Will a criminal record prevent me from visiting Canada?

Even if you have had luck visiting Canada previously, it is very likely that a criminal record could cause you to be denied entry to Canada. Because Canada takes even minor crimes very seriously, many Americans who have small criminal convictions i their past do not even realize they can be criminally inadmissible to Canada.

If you attempt to enter Canada at the US-Canada border or via a Canadian port of entry like the airport with a criminal record, you will be turned away and have to go back to the United States.

What can I do?

First and foremost, you should discuss your criminal conviction and immigration history with a licensed immigration lawyer. Our immigration law firm has handled thousands of denied entry to Canada cases, and we can help you too. It is not easy to get into Canada with a criminal record, but if you let us help you we can make sure that you have the best chance possible.

The first thing to consider is applying for a temporary resident permit. This is also known as a Canadian visitor visa. When you apply for a temporary resident permit you are asking for special permission to enter Canada even with your criminal record intact. You will need to effectively demonstrate to Canadian immigration authorities that primarily, you are not a threat to Canada or Canadian society and that you will promise to leave Canada when your stay is over. This means you will have to discuss your criminal case with them as well as provide proof that there’s enough waiting for you at home in the United States to motivate you to return home.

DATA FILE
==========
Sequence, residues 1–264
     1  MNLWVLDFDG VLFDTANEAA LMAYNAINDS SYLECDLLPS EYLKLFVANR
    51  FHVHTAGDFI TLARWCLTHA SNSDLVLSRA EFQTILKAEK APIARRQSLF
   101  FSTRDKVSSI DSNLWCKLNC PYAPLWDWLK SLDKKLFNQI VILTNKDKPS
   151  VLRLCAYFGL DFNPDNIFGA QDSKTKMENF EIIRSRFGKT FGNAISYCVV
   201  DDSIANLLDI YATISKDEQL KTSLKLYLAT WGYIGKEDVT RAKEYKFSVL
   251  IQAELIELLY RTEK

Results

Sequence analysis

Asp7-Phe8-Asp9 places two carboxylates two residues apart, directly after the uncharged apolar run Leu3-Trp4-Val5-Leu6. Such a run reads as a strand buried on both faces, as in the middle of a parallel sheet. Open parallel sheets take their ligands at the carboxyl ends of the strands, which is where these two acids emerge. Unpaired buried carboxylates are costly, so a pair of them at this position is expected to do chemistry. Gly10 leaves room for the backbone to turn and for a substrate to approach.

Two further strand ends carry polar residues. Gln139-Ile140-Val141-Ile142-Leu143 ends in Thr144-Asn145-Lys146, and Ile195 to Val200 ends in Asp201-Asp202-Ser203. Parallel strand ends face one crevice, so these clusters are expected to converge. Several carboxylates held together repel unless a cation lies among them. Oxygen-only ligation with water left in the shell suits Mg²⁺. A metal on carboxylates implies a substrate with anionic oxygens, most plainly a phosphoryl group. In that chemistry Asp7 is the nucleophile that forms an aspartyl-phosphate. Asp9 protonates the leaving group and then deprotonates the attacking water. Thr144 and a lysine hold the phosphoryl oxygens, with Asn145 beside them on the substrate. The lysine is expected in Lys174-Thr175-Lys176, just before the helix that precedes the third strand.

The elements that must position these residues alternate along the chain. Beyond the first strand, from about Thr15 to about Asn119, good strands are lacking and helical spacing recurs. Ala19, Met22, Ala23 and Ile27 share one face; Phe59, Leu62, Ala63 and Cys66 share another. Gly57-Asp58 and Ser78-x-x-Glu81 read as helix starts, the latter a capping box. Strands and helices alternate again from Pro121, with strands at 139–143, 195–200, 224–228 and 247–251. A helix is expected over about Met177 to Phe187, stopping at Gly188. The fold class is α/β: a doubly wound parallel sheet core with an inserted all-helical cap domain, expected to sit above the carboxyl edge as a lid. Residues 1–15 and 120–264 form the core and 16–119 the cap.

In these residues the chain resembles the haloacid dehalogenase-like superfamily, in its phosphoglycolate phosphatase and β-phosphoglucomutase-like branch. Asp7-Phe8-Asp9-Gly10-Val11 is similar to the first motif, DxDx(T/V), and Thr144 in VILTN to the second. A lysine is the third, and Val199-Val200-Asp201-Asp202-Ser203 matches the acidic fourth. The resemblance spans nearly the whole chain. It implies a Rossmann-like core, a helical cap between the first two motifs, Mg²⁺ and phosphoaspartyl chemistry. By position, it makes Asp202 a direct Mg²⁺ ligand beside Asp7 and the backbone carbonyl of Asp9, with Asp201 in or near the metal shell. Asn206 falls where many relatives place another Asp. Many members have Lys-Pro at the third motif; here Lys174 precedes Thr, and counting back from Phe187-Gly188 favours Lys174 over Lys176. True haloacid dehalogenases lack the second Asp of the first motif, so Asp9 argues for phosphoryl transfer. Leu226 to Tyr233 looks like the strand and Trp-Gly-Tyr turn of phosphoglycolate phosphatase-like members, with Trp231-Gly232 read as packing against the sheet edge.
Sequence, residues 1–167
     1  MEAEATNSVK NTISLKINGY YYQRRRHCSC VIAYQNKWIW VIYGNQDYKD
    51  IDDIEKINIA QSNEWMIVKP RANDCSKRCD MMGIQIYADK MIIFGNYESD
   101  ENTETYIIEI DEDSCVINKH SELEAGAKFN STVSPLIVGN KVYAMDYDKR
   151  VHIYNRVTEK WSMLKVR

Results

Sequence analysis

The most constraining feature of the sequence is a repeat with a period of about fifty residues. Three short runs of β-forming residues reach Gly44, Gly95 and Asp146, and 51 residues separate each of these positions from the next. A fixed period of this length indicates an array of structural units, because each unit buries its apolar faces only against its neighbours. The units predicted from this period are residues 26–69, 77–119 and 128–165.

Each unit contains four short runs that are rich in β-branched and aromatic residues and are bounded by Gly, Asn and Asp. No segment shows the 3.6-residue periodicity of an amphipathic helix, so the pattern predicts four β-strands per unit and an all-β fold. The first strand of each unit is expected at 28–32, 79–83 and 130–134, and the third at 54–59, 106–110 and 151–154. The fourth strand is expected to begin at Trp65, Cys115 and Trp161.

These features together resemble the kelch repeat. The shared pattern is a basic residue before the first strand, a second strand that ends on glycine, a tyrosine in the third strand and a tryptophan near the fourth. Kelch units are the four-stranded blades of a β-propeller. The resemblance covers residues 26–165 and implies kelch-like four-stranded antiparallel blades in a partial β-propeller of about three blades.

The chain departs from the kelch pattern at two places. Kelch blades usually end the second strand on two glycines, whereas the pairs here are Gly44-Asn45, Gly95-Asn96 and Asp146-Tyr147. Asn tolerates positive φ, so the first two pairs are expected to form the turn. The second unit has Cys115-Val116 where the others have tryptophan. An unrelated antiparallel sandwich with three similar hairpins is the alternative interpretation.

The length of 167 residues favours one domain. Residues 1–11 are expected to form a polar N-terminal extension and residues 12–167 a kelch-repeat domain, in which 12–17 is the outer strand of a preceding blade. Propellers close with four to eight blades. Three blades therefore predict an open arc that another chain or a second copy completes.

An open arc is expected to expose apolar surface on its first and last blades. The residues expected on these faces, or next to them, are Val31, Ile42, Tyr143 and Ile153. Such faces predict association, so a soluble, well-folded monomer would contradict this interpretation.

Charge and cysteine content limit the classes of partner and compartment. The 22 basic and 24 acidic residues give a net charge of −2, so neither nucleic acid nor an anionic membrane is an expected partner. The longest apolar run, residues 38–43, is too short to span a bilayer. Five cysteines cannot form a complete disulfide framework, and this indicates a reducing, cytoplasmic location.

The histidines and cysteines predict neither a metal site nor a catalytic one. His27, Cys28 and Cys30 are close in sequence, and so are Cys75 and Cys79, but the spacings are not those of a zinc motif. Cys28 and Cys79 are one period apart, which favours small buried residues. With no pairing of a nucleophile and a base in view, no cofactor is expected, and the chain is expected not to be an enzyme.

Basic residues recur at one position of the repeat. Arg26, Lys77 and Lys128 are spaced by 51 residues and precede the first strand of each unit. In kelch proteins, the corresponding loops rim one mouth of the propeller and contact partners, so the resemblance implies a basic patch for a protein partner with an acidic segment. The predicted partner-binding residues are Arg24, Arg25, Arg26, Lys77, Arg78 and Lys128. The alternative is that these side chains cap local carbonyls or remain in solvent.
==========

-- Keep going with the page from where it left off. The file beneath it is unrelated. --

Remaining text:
Another consideration is applying for criminal rehabilitation at your closet Canadian consulate or embassy. If your criminal conviction occurred more than five years ago, you could be eligible for this, and if you are approved for criminal rehabilitation your criminal inadmissibility would be wiped away.

We are here to help you! Please contact us with any questions you may have about a criminal record causing you to be denied entry to Canada.

Any information provided here does not constitute legal advice and is intended for general information only. Should you require legal advise, you are encouraged to contact a lawyer directly. All blog postings are public and are not subject to solicitor/client confidentially. Case results depend on a variety of factors unique to each case, and case results do not guarantee or predict a similar result in any further case undertaken by the lawyer.